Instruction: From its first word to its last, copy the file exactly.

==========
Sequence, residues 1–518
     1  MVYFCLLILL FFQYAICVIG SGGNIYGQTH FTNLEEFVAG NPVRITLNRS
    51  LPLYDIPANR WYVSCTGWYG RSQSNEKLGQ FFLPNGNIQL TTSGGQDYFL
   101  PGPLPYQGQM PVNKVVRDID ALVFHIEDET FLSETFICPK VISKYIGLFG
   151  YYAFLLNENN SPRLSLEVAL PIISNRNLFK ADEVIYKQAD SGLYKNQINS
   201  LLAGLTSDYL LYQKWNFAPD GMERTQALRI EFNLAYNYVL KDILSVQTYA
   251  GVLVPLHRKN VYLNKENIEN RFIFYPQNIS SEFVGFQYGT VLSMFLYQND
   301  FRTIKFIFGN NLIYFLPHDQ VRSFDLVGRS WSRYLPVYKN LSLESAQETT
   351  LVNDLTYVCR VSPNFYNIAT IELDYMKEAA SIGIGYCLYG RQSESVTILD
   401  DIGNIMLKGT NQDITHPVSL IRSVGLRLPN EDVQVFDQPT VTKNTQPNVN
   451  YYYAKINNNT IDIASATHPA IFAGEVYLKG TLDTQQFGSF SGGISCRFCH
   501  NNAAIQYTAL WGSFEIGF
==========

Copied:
Sequence, residues 1–518
     1  MVYFCLLILL FFQYAICVIG SGGNIYGQTH FTNLEEFVAG NPVRITLNRS
    51  LPLYDIPANR WYVSCTGWYG RSQSNEKLGQ FFLPNGNIQL TTSGGQDYFL
   101  PGPLPYQGQM PVNKVVRDID ALVFHIEDET FLSETFICPK VISKYIGLFG
   151  YYAFLLNENN SPRLSLEVAL PIISNRNLFK ADEVIYKQAD SGLYKNQINS
   201  LLAGLTSDYL LYQKWNFAPD GMERTQALRI EFNLAYNYVL KDILSVQTYA
   251  GVLVPLHRKN VYLNKENIEN RFIFYPQNIS SEFVGFQYGT VLSMFLYQND
   301  FRTIKFIFGN NLIYFLPHDQ VRSFDLVGRS WSRYLPVYKN LSLESAQETT
   351  LVNDLTYVCR VSPNFYNIAT IELDYMKEAA SIGIGYCLYG RQSESVTILD
   401  DIGNIMLKGT NQDITHPVSL IRSVGLRLPN EDVQVFDQPT VTKNTQPNVN
   451  YYYAKINNNT IDIASATHPA IFAGEVYLKG TLDTQQFGSF SGGISCRFCH
   501  NNAAIQYTAL WGSFEIGF